Half a decade ago, that fact was a footnote. Today, with the price of potash having risen from $190 to over $500 a metric tonne, it’s headline news. Potash Corp has done very well. Well enough, in fact, that the world came calling in the form of a hostile takeover attempt from BHP Bilington.
In mid-November 2010, after the Canadian government stone-walled the potential deal, BHP announced it had withdrawn its $38.6 billion unsolicited takeover offer for the Potash Corporation of Saskatchewan. Both Potash and the Saskatchewan government fiercely lobbied Canada’s Conservative government to block the deal, citing what amounted to national security concerns. Potash produces about 23% of the world’s supply of the newly important material and generates significant revenue for the Saskatchewan government.
The Canadian federal government, led by Industry Minister Tony Clement formally scuttled the Potash deal because it didn’t represent a “net benefit” to Canadians. The decision, which was made under the Investment Canada Act, was an assessment some felt was too subjective. Clement, obviously feeling the precarious nature of his position, gave the Australian mining giant a thirty day window to restate its case and make any additional representations to Ottawa. But BHP Biliton elected to terminate the offer and forgo the red tape.
Potash’s fiscal 2010 results, released on February 20th, punctuated the reasons BHP Biliton was so keenly interested in Saskatchewan’s largest company. Top line sales were a whopping $6.54 billion and the company was extremely profitable, reporting net income of $1.81 billion, or $1.98 per share.
With one thwarted hostile takeover under its belt, it is clear Potash Corporation of Saskatchewan now plays on an international stage. The company, to its credit, isn’t showing any signs of stage fright. By 2015, Potash expects its annual potash operational capability to reach 17.1 million tonnes, almost twice what it was in 2005 when construction was completed on its first expansion project. Management now says it expects to increase production by almost 70% over the next five years.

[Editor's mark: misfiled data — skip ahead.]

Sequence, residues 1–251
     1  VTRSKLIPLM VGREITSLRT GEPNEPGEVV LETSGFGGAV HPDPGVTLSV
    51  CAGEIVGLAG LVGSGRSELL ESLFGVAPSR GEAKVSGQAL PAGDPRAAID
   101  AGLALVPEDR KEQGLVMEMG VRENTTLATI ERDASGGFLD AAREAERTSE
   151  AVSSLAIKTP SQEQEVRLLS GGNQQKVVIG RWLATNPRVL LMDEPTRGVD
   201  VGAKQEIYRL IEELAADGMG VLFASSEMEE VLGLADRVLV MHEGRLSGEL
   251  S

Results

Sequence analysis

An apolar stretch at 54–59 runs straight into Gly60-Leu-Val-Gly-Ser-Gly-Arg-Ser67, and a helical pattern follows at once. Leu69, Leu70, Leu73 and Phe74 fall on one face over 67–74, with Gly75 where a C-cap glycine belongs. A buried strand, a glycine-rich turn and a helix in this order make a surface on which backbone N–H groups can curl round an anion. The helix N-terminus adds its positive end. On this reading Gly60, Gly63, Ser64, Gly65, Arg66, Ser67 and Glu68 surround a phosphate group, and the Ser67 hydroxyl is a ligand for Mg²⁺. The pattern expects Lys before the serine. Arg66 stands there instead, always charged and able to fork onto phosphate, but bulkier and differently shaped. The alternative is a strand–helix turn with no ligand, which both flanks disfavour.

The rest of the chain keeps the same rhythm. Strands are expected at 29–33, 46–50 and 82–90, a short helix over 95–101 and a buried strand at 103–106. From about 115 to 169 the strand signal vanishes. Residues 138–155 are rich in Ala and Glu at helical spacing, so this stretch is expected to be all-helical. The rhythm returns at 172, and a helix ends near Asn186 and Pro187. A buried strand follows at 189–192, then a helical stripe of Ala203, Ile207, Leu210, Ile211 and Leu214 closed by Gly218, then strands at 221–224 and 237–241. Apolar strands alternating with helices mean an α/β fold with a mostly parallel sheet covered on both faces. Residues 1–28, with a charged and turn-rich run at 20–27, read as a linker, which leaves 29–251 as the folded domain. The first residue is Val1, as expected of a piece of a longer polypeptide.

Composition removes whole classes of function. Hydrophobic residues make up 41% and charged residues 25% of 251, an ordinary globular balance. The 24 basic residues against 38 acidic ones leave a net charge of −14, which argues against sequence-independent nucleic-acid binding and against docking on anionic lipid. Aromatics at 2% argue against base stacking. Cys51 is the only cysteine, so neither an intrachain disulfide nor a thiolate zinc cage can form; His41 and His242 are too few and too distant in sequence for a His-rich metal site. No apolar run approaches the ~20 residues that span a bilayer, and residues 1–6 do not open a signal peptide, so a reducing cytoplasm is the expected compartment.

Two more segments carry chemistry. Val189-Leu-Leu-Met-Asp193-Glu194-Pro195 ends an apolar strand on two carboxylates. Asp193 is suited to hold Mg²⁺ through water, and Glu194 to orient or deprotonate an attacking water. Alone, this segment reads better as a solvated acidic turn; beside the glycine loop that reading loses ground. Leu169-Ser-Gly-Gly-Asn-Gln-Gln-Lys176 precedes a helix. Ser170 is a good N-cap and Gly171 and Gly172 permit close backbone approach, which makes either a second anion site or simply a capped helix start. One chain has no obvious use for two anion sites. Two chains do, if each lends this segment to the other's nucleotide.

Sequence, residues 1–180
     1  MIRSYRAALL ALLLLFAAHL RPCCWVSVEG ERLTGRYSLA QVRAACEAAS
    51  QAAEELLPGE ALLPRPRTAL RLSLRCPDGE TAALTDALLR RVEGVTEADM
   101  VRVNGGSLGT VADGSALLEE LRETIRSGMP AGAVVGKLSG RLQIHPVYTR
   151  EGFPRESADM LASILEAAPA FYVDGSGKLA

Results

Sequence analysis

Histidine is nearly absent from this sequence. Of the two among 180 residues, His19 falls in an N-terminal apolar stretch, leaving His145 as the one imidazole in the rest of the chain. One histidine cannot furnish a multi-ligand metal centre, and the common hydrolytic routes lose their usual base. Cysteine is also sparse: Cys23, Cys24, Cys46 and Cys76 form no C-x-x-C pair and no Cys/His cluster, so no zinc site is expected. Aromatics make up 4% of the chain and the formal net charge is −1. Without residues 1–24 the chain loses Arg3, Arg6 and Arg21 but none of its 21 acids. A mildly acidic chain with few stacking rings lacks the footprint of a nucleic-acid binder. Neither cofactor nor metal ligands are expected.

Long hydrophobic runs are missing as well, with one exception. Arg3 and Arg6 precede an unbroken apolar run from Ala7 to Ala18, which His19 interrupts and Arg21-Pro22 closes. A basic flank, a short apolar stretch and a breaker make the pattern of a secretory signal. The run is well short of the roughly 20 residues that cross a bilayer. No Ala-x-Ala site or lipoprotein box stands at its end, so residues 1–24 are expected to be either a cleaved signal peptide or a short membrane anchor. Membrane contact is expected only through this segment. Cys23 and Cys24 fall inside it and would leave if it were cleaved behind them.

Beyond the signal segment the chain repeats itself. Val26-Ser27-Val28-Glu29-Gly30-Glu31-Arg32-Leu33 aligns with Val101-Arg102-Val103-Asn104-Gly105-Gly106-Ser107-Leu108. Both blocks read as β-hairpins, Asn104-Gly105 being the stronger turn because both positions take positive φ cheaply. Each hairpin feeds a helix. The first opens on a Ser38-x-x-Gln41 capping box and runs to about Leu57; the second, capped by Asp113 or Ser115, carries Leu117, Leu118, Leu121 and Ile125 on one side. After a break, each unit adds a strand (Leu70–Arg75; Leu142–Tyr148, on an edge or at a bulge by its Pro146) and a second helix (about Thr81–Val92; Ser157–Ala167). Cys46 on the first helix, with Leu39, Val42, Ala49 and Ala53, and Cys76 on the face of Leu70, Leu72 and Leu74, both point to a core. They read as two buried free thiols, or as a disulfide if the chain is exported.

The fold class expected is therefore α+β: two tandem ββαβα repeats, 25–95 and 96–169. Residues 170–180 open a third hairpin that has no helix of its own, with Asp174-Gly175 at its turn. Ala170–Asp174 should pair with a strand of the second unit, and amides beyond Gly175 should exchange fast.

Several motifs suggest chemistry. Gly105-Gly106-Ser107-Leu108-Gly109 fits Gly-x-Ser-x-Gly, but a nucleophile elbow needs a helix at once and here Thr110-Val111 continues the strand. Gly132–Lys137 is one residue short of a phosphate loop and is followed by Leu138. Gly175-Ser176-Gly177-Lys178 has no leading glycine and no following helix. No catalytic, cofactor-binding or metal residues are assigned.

2. Allana Potash (TSXV: AAA)
Potash is hot. Allana’s potash might be just a little hotter.
That’s because Toronto based Allana Potash’s property is located in the Danakil Depression of Ethiopia one of the lowest places on earth not covered by water, and, with temperatures routinely soaring to over 60 Celcius, the hottest. When Potash was discovered in this basin near the Red Sea in 1918, most wouldn’t blame anyone for simply turning their back on it. But the quality and amount of potash available here, as Allana’s short experience is already proving, means the appeal is simply too lucrative, even in the excruciating heat of the Danakil Desert.
Potash production began in the Danakil in 1918 after a railway was completed from the port of Mersa Fatma in Eritrea to an area 28 km outside of Dallol. But when large-scale supplies from Germany, USA, and USSR came to market after the Second World War the region sat dormant for decades.
But just a few years ago, with Potash high in demand again, Etiopia and Eritrea governments granted a number of licenses. Allana’s property surrounds Sainik’s Crescent Potash Project and is adjacent to BHP Billiton’s holdings in the Depression. When Allana acquired its Ethiopian potash concessions in September, 2008 the transaction was supported by a NI-43-101 compliant technical report from ERCOSPLAN Ingenieurgesellschaft and North Rim Exploration. That report showed an inferred mineral resource of 105,200,000 tonnes of potash mineralization (Sylvite and Kainite) with a composite grade of 20.8% KCl and near surface mineralization was present.
Since acquiring the concessions Allana has been busy developing the project, attracting a $12.3 million strategic investment from Liberty Metal and Mining; 17% ownership stake, and a two million dollar investment from China Mineral United Management. Then, On March 1st, Allana completed a $38 million financing from a syndicate of brokers and an over-allotment option from Liberty Metals.
Recently The MiningFeeds.com talked to Farhad Abasov, President and CEO of Allana Potash about their experience in the Danakil and the 154,000 hectares land position the company holds in the Nequen province of Argentina. For the exclusive interview CLICK HERE.
For 5 Potash Stocks to Watch in 2011 – Part 2 – CLICK HERE.